Charles Howden

April 4, 2007

Too much too ask?

Filed under: Uncategorized — Charles @ 5:11 pm

This weekend was the first time I have used Ryanair. I was curious when I started because through the previous week, anytime I mentioned Ryanair, I was met with variations of “Ryanair? I hate them”, “Ryanair? I’ll never fly with them”, “**** Ryanair”. With an intro like that, I couldn’t, not be curious.

I had been warned that 15kg weight allowance for checked-in luggage might be a problem. I packed sparingly, in a heavy case, and when I arrived near the check in, I looked for some scales to check the weight so that if my bag was overweight, I might move some of it to my hand luggage. On checking in, however I tried to gently let my bag down with a supporting index finger, the scales still read 18kg. A moderately friendly to warming telling off and we escaped a surcharge and onto the plane with the help (or not) of cabin crew who looked more interested in chewing their gum, than in smiling at us and making us feel at home, and off we went.

Coming home and my bag had gained a couple of kilos so I paid a surcharge of €24. Ouch, though I hadn’t been charged on the way out, so probably, despite the irritation, all-square.

On the plane and my round of drinks challenged the amount of available change. “I’ll owe you £3.00”, Ok by me, I don’t need it right now. Half an hour later and the drinks trolley passed me going in the opposite direction having finished its journey up and down the aisle. No change. Five minutes later and a member of the cabin staff walked up the aisle with what looked like a plastic mug of cash takings. No takings. My travelling partner asked if I really was expecting my change to be returned. Actually I was.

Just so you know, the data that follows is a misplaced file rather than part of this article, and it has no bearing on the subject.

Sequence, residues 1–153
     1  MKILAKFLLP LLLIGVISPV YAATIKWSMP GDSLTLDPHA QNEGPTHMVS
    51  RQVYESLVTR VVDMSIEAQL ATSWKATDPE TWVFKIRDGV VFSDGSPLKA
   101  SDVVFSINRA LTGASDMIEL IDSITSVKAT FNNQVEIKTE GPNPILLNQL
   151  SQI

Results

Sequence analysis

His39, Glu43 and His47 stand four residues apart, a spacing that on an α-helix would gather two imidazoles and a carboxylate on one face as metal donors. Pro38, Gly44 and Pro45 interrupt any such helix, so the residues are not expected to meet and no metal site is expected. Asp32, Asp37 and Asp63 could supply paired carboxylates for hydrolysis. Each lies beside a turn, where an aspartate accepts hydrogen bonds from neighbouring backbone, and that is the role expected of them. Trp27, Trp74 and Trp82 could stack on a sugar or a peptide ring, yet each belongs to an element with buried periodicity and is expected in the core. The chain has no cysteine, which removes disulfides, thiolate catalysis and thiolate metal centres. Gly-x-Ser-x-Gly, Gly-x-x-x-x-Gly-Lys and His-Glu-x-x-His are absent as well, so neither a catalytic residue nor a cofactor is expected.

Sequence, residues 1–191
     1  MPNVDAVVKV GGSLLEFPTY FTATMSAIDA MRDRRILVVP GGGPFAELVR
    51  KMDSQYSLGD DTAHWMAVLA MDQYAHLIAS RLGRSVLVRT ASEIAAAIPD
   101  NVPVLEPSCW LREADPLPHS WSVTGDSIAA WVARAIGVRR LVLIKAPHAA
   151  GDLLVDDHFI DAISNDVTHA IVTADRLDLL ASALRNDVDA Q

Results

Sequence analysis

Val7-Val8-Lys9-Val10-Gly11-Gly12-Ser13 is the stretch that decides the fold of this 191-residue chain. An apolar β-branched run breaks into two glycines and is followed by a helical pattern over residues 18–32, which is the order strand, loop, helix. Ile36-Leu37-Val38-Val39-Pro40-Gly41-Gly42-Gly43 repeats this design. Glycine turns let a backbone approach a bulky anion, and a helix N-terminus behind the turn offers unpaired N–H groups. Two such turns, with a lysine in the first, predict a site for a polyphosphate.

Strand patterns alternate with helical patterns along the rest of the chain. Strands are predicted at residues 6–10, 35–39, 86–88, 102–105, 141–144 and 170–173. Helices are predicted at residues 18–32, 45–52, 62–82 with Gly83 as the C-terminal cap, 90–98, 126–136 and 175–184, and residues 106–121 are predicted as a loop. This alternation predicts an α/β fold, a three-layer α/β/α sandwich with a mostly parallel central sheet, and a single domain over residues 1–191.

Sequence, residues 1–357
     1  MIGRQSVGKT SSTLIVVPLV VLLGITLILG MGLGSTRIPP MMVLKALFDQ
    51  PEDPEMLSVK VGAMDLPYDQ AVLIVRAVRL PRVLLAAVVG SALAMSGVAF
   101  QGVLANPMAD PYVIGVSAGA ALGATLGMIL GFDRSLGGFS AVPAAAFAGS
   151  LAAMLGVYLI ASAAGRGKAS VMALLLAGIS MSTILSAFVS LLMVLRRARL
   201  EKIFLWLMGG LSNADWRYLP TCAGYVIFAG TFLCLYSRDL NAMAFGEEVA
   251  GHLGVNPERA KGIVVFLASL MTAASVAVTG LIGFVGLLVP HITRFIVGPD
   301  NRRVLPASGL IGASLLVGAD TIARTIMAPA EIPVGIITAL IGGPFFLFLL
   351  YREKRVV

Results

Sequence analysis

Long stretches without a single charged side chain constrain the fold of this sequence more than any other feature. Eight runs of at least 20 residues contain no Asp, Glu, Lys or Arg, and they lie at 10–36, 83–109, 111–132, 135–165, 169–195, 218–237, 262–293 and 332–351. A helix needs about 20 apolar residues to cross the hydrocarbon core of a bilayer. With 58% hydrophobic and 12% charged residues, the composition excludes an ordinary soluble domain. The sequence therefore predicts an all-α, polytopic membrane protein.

After an hour, my customer service project was outliving its interest. When another member of the cabin staff walked past I took the opportunity of asking “I think your drinks trolley owes me £3.00” “I’ll go and check” was the polite reply. I was hopeful. Half an hour later, with the tangible feelings of a flight in descent mode and I was becoming less hopeful. I was in luck as another member of staff walked past. “Your drinks trolley left owing me £3.00, I have already asked one of your colleagues to find it for me. What do I need to do to get my money back?” “Oh let me find it for you” pause “Just wait a minute”. So I did. In fact I waited seven, when a different member of the crew came walking down the aisle jangling change. “I think that’s probably mine” I volunteered, offering my upturned palm. Without a word he gave me £3.00 and walked off.

People forget, things get overlooked, stuff happens for sure. In life, what generally puts these situations right, is ¬an apology, an acknowledgement, a recognition of an inconvenience caused. Too much to ask? Apparently, for the team of that Ryanair flight, yes it was.

I’m not in the “Ryanair? I hate them” camp, life’s too short. I am in the “Ryanair, I’ll fly with someone else first if I can” camp. And that is my point. Manners are not just a matter of human decency. They are an essential part of customer service which companies ignore at their peril.


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